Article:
NASA starts designing the DART mission to test the use of spacecraft to deflect hazardous asteroids

The DART mission will test the viability of using a spacecraft to deflect an asteroid that can strike Earth.

A major catastrophic asteroid impact is just a matter of time, and NASA is gearing up to tackle such potentially hazardous asteroids. The Double Asteroid Redirection Test (DART) mission has moved from the concept stage to a design stage, and will test the viability of using a spacecraft to deflect an asteroid that can strike Earth. The approach will use what is known as the kinetic impactor technique, where a spacecraft manages to change the trajectory of an asteroid just enough so that it is no longer a problem to humans on Earth.

In 2022 and 2024, a pair of asteroids will fly past the Earth at a safe distance. The two asteroids are together called Didymos, the Greek word for "twin". Didymos B is smaller than Didymos A, and the target of the DART mission. Tom Statler, program scientist for DART says "A binary asteroid is the perfect natural laboratory for this test. The fact that Didymos B is in orbit around Didymos A makes it easier to see the results of the impact, and ensures that the experiment doesn’t change the orbit of the pair around the sun."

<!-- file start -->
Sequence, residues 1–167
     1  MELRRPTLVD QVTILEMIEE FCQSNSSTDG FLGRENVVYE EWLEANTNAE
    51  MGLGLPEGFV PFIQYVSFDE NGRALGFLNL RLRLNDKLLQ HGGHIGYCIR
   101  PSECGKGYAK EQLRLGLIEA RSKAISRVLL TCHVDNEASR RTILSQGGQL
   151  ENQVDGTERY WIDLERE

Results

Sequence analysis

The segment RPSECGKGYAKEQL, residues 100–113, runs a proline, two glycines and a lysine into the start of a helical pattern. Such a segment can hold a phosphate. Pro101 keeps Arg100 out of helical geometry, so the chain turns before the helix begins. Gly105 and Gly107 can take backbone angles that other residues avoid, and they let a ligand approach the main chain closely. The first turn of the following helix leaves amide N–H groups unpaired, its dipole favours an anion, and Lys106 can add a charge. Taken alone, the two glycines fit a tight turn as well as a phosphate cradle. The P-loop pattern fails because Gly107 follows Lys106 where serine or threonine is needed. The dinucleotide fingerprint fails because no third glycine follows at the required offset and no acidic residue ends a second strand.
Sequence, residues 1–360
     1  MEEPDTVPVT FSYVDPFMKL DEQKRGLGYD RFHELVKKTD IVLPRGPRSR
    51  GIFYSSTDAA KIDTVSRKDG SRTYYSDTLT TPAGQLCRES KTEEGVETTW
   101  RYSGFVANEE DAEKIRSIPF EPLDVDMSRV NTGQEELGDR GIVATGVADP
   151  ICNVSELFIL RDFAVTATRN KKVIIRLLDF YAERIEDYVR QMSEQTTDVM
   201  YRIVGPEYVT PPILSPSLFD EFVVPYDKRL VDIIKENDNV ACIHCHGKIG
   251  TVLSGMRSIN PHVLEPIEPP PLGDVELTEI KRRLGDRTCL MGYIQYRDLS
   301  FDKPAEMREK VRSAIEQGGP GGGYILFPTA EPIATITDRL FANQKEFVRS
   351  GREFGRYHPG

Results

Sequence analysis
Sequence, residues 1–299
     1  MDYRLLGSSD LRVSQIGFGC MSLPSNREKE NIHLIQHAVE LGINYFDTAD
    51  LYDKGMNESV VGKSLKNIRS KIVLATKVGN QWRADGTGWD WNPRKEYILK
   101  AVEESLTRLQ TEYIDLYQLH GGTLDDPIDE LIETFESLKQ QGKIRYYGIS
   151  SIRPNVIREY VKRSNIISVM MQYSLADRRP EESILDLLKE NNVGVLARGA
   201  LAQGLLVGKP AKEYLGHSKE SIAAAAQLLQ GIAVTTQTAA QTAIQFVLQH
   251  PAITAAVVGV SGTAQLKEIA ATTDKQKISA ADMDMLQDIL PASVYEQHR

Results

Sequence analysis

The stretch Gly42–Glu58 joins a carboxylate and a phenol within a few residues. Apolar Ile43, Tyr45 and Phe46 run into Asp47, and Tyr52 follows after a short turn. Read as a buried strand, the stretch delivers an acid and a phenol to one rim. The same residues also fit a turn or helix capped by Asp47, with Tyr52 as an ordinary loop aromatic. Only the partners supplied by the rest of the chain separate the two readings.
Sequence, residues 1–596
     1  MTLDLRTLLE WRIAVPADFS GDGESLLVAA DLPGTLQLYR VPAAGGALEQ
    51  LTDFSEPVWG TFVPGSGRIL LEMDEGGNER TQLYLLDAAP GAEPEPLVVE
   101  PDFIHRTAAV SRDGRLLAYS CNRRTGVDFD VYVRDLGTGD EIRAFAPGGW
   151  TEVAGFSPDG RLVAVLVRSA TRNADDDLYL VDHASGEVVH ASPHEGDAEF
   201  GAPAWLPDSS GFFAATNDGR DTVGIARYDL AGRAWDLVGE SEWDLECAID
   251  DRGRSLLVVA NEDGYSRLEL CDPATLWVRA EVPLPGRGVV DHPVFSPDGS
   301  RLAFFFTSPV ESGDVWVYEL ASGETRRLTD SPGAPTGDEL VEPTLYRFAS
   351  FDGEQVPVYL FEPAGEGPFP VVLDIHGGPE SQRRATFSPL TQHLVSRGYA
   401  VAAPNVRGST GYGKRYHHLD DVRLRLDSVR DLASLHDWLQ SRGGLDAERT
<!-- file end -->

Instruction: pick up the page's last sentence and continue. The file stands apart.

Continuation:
Didymos B is about 160 meters in diameter, and is the size of an asteroid that could have regional effects if it struck Earth. DART is a refrigerator sized spacecraft that will use on board systems aim at the target asteroid, and strike it at speeds that are nine times that of a bullet. If successful, the technology proven by the DART mission can be used to prevent a catastrophic asteroid strike on the surface of Earth.


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